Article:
We are conducting our new survey about the future of the internet now and we’d love you to participate as a respondent. You can take the survey here.
The survey is similar in format to our previous work. We ask experts and avid followers of the internet to answer questions about alternative scenarios for the way technology will evolve and affect people over the next decade. After you’ve chosen a scenario, we hope you’ll explain your answer more elaborately by completing a narrative portion of the survey.
In all, we hope the survey will take 15-20 minutes to complete. And we hope you’ll like it enough to recommend it to your friends!
Want more? You can also read through previous “Future of the internet” reports on our website and at imaginingtheinternet.org.

We are conducting our new survey about the future of the internet now and we’d love you to participate as a respondent. You can take the survey here.

The survey is similar in format to our previous work. We ask experts and avid followers of the internet to answer questions about alternative scenarios for the way technology will evolve and affect people over the next decade. After you’ve chosen a scenario, we hope you’ll explain your answer more elaborately by completing a narrative portion of the survey.

In all, we hope the survey will take 15-20 minutes to complete. And we hope you’ll like it enough to recommend it to your friends!

Want more? You can also read through previous “Future of the internet” reports on our website and at imaginingtheinternet.org.

(Source: elon.edu)

As the internet has increasingly gone mobile,  laptop computers have grown in popularity. Since 2006, the proportion  of Americans who own a desktop computer has fallen slightly from 68% to  59%, while the proportion with a laptop computer has increased  dramatically—from 30% in April 2006 to 52% in September 2010.
18-29 year olds are currently the only major demographic group for whom  laptops are notably more commonplace than desktop computers. Nearly  three-quarters of 18-29 year olds (72%) own a laptop computer, compared  with 56% who have a desktop computer.

As the internet has increasingly gone mobile, laptop computers have grown in popularity. Since 2006, the proportion of Americans who own a desktop computer has fallen slightly from 68% to 59%, while the proportion with a laptop computer has increased dramatically—from 30% in April 2006 to 52% in September 2010.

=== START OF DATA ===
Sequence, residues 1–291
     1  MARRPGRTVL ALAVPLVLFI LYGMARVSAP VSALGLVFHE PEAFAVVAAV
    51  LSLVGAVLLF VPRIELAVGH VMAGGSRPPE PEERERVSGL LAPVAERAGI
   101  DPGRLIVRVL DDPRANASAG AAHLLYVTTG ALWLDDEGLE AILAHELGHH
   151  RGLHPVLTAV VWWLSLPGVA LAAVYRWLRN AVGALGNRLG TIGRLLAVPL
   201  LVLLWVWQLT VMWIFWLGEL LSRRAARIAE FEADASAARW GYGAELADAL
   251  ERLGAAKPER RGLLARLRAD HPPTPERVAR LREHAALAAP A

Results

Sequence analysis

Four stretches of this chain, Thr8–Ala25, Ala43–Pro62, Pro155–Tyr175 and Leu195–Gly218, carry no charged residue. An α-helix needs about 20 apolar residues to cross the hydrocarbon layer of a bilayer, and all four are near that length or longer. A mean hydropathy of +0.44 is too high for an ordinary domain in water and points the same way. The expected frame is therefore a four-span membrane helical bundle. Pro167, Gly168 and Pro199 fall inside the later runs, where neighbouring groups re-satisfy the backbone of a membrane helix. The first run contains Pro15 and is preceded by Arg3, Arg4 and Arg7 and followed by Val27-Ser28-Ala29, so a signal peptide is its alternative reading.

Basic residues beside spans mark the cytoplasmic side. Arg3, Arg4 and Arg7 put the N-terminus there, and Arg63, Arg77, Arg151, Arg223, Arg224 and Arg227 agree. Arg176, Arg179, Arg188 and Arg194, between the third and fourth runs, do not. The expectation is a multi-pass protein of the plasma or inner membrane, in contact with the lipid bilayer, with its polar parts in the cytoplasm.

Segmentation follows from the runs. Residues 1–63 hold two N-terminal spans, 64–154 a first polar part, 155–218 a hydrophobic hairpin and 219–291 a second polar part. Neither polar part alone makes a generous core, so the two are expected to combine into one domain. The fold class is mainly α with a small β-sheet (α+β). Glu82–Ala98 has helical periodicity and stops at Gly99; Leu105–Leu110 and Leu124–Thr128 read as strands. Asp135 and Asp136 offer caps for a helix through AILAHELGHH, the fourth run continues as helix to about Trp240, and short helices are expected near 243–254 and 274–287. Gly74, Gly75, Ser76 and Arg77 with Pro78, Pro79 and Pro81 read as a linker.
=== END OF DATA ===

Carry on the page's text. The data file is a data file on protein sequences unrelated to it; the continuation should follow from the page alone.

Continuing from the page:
18-29 year olds are currently the only major demographic group for whom laptops are notably more commonplace than desktop computers. Nearly three-quarters of 18-29 year olds (72%) own a laptop computer, compared with 56% who have a desktop computer.

New research from Eszter Hargittai and Eden Litt uses longitudinal data to explore race, celebrity, and why young adults use Twitter. The abstract:

What motivates young adults to start using the popular microblogging site Twitter? Can we identify any systematic patterns of adoption or is use of the service randomly distributed among Internet users of this demographic? Drawing on unique longitudinal data surveying 505 diverse young American adults about their Internet uses at two points in time (2009, 2010), this paper looks at what explains the uptake of Twitter during the year when the site saw considerable increase in use. We find that African Americans are more likely to use the service, as are those with higher Internet skills. Results also suggest that interest in celebrity and entertainment news is a significant predictor of Twitter use mediating the effect of race. In contrast, interest in local and national news, international news, and politics shows no relationship to Twitter adoption in this population segment.

Source: Reputation Management and Social Media, by Mary Madden and Aaron Smith (2010), based on Pew Internet September 2009 survey

The Rise of Networked Individuals: The Millennial Tide

The online world is as varied as people are varied in their moral views, their economic circumstances and their social structures. In the video above, Director Lee Rainie discusses social, economic, and political trends especially among the younger generation that have given rise to a new and emerging class of networked citizens at Google’s Mountain View, CA headquarters.

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